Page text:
The lessons learnt from the recently concluded assembly elections in five states, which many dub incorrectly as semi final to 2014, are many. While one can endlessly debate about the debacle of the elephant, the nullification of a charismatic Gandhi, the beating of anti incumbency by Badals and Parriker, the see-saw game in Chhatisgarh and the strange political dynamics of the north eastern Manipur, there is one fact that has reiterated itself yet again. The fact that is the undercurrent no matter what superficial phenomenon occurs. And that undercurrent is the subtle yet strong power of democracy.
There could be a thousand and yet more flaws in Indian political system. For it is deep entrenched in the sub conscious that the word politician and corrupt are synonymous. There also is the realisation of the fact that the voter does not even have a choice of better candidates. A situation akin to ‘caught between the devil and the deep blue sea’ could aptly describe the dilemma of the average Indian voter. But to annul such a downward spiralling event, multi party democracy in India provides more choices. Unlike in nations where one has to choose between two, in India we can choose one among many.
While the traditional belief was that the voting ‘mass’, the weaker sections of the society, could be bought with wad of cash, liquor and food, the spread of education/literacy/media outreach has made that mass smart. The honeytrap doesn’t work for urban and affluent voters. Not that it would matter given the dismal voting rate they display. A case in point has been Tamil Nadu where such antics did not pay off. This however does not suggest that the Indian voter has come of age and does not succumb to pulls and pressures or for that matter to lure. But trends over the past few years have shown an increase in the maturity of the voter, which certainly has been boosted by the democratic fabric of the nation.
Despite the doomed picture, especially of the political framework of the country, as presented in news media, it is heartening in comparison to many nations of the world. India thankfully is no Syria or Libya, or for that matter the middle east, where dictators fuelled by oil rule the roost with religion as the plank. India thankfully isn’t North Korea or Russia or for that matter the dragon China where communism is the mask of exploitation, throttling of free choice and widespread nepotism. India thankfully is not the score of African nations where private militias call the shots. And certainly not a Pakistan.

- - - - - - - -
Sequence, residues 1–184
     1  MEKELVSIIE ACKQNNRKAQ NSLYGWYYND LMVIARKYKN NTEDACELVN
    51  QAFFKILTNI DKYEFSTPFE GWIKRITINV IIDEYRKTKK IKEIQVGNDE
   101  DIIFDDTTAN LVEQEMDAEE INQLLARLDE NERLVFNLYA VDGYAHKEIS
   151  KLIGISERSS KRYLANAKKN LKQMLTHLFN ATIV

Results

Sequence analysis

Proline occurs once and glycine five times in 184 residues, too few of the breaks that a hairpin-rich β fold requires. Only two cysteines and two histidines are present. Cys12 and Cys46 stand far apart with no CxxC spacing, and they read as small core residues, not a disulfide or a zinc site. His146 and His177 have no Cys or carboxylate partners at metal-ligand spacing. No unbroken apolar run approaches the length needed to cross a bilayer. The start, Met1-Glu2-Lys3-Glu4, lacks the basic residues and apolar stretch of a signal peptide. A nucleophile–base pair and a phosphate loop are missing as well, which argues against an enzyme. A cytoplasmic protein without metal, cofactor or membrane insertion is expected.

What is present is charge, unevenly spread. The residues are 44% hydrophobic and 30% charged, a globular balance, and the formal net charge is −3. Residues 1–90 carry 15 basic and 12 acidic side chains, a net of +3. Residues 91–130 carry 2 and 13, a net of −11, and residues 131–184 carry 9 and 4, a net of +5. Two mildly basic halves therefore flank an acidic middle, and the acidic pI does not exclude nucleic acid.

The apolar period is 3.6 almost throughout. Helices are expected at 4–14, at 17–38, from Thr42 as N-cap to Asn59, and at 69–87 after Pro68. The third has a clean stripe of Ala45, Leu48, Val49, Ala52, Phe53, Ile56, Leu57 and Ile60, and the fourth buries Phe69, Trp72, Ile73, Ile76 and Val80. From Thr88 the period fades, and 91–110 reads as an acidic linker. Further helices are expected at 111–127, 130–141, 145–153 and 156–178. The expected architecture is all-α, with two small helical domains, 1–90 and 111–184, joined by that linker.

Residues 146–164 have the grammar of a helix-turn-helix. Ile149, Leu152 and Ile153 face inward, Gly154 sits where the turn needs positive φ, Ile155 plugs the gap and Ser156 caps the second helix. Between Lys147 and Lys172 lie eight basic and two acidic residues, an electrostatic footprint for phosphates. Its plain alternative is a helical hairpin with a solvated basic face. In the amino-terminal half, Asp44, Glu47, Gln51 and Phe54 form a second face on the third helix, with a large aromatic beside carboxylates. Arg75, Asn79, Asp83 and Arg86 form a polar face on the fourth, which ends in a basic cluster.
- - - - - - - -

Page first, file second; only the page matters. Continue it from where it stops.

India for that matter is thankfully not the US where bipartisan politics, even though working successfully, leaves less choice and limits greater diversification of ideas. India also thankfully isn’t the UK, with a money guzzling monarchy at the top of the ladder. The Indian elephant might take many more years to match the development scale of these nations at its slow pace, but certainly it enjoys more freedom to roam about. There are plenty of ills, waiting to be eradicated, but at least in the electoral scenario, democracy, since the birth of the nation, has provided more goods.
In this regard the focus of pressure groups outside the ‘system’, be it NGO’s or the Anna team or any such group, should be to strengthen this democracy. The call for inclusion for none-of-the-above column is a welcome step, however imparting education and motivating more and more number of people especially the urban population to vote should be carried on with fervour. Democracy can be strengthened with increased participation, and increased participation can be induced with simplifying the rules and regulations that govern voting. The disenchantment of the youth with political scenario needs to be addressed.
It is convenient to crib about the system or the lack of it. Fault finding is a task that is carried out almost sub consciously about nearly everything that is around us. A take home message from the recent election results and a few prior to it should make us look at our democracy with optimism. Because amidst all the pessimism lies the fact that, this Indian voter, despite all the travails, can choose his representative, can accept cash and kind from one party and not vote for it, can overthrow a corrupt regime, can bring back a performing government and in doing all so drive the juggernaut of democracy.